Using the Whole Buffalo

Now we get into some technical details. Whenever you’re making cards, you’re probably printing more than one of them on a sheet. This is one of those things that’s so obvious that it goes without saying, even when it should be said. I can name at least one entire game (the eleven-card Pico) that was created simply because there was space left on a card sheet in another project.

In our case, we need thirty-six cards to represent all dice combinations. It’d be good to also include a card you could stuff in the lower part of the deck to trigger a re-shuffle (to keep the last few cards from being entirely predictable). I happen to be thinking of printing through The Game Crafter, which at the time I was first thinking of this project used sixteen-card sheets. Okay, so it happens that they’ll soon be switching to eighteen-card sheets, which starts making just thirty-six cards look attractive again, but travel back in time with me here. Thirty-seven cards on three sheets leave a lot of wasted space. Eleven cards’ worth, in fact. What can we do with that (aside from re-publishing Pico)?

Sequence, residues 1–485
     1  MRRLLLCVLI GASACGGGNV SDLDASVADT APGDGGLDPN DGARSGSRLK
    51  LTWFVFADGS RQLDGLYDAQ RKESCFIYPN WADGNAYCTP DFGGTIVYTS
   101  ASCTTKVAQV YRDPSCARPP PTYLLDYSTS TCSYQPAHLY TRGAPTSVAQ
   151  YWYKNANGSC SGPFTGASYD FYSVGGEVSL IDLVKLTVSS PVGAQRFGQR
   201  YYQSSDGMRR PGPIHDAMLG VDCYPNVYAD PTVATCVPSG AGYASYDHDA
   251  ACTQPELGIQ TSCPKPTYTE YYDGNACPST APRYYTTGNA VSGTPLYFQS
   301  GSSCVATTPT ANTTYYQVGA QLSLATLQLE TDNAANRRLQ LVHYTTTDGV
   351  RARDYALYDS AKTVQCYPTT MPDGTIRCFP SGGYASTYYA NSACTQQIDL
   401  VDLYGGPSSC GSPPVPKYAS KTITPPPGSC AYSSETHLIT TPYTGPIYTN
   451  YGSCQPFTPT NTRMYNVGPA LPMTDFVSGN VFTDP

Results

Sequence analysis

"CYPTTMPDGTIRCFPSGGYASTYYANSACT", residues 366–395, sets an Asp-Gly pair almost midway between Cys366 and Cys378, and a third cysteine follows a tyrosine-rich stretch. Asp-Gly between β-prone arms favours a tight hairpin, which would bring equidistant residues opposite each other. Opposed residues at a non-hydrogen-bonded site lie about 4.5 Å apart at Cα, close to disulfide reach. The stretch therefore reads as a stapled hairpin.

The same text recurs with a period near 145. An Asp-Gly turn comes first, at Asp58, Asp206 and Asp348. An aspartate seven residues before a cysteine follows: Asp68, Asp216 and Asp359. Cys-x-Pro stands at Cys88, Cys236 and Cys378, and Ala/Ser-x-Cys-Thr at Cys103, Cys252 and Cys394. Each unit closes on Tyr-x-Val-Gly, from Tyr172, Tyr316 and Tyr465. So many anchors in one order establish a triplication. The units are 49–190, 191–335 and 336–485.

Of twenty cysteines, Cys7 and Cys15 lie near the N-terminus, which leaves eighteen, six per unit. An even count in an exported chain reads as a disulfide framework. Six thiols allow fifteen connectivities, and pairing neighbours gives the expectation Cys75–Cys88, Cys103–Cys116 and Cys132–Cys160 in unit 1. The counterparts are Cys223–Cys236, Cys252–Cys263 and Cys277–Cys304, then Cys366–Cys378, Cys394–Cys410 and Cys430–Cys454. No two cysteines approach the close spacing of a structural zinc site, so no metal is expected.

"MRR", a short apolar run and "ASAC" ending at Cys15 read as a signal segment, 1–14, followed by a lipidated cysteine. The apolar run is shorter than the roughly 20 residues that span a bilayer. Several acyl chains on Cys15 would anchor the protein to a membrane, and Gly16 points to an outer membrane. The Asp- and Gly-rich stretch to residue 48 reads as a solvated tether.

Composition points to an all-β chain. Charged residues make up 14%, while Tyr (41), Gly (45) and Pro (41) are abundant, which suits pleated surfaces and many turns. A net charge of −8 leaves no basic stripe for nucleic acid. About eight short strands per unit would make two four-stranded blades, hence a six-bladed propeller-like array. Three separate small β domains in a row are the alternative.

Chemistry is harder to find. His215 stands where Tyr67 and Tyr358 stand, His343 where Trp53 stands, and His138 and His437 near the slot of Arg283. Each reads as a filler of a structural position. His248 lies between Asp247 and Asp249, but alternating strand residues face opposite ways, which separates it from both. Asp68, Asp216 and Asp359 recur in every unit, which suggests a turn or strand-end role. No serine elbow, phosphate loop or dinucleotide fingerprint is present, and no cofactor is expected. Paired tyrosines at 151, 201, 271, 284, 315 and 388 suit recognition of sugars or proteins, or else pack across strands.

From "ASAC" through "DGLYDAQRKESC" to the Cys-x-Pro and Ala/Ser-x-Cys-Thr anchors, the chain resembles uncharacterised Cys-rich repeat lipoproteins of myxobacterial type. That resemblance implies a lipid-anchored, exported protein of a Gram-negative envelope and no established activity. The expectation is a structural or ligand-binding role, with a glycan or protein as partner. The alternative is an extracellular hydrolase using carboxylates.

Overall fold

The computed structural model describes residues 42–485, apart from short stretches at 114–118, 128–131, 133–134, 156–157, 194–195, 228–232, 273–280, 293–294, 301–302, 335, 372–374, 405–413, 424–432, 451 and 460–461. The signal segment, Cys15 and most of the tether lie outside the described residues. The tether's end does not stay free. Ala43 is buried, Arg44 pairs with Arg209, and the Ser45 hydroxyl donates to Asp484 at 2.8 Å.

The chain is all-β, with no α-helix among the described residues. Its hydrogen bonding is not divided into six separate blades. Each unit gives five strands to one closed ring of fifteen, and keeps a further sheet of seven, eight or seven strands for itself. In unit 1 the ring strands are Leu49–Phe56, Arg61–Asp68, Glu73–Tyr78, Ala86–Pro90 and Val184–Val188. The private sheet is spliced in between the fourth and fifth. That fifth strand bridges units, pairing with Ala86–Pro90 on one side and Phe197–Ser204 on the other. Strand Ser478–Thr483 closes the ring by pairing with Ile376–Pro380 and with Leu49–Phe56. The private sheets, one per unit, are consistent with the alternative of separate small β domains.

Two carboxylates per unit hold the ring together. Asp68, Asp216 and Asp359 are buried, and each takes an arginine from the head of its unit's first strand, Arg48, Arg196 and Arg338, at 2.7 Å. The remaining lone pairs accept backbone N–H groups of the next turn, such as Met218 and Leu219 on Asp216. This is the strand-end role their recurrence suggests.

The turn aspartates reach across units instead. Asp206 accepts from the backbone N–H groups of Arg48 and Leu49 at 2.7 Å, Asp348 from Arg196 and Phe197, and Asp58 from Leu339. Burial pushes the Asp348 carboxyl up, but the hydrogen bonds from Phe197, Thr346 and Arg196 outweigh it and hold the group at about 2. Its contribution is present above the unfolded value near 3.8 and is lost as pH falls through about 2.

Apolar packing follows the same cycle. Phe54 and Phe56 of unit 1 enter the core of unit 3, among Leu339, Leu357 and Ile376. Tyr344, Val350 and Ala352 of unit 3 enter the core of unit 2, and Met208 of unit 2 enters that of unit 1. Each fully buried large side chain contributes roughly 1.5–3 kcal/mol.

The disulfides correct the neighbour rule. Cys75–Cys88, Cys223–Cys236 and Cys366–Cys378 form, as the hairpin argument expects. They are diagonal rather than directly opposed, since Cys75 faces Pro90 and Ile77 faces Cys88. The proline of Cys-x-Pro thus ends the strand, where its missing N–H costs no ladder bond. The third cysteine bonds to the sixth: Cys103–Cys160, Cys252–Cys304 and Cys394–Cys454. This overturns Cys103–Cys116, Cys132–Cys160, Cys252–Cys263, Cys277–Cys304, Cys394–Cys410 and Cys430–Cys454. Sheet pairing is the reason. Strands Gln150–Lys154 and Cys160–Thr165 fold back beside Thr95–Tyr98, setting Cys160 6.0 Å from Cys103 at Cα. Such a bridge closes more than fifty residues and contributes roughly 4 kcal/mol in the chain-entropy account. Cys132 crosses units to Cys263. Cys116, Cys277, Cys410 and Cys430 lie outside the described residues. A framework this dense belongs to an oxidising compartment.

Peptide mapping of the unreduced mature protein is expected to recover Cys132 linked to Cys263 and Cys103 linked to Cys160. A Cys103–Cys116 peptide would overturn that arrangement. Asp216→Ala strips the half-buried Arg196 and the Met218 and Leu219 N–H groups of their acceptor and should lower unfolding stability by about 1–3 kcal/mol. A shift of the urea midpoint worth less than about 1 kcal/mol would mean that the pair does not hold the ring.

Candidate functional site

domino cardWell, another game accessory that looks an awful lot like a pair of dice is a domino. The cards we’re already planning on cover twenty-one out of the twenty-eight that appear in a set of double-six dominos. So, we could include that feature for zero extra cost of goods. This also helps with the previously mentioned problem of the narrow scope of the project. It supports more experiences, plus a portable domino set makes the whole project not just an expansion to other games.

Sure, this is all pretty basic. But I think it’s a good simple example of a broadly-applicable design principle. In the end, we’re looking at making real usable objects with tools that have their own constraints and affordances. In this case it’s a printing method, but it’s always something, and that always influences the design process.

One side note: I spent some time fixing the white points on the photos I took, so the white die now looks white and not pale grey. The grey background looks better by contrast. I only mention it because it’s something I learned about photography in the course of this project. Yay, learning!

Next: I don’t know; do the indices throw the balance of the cards off a bit? Would it look bad to also have another index over the shadow in the lower right, or should I move the background image a bit? Maybe I’ll just make ice cream.

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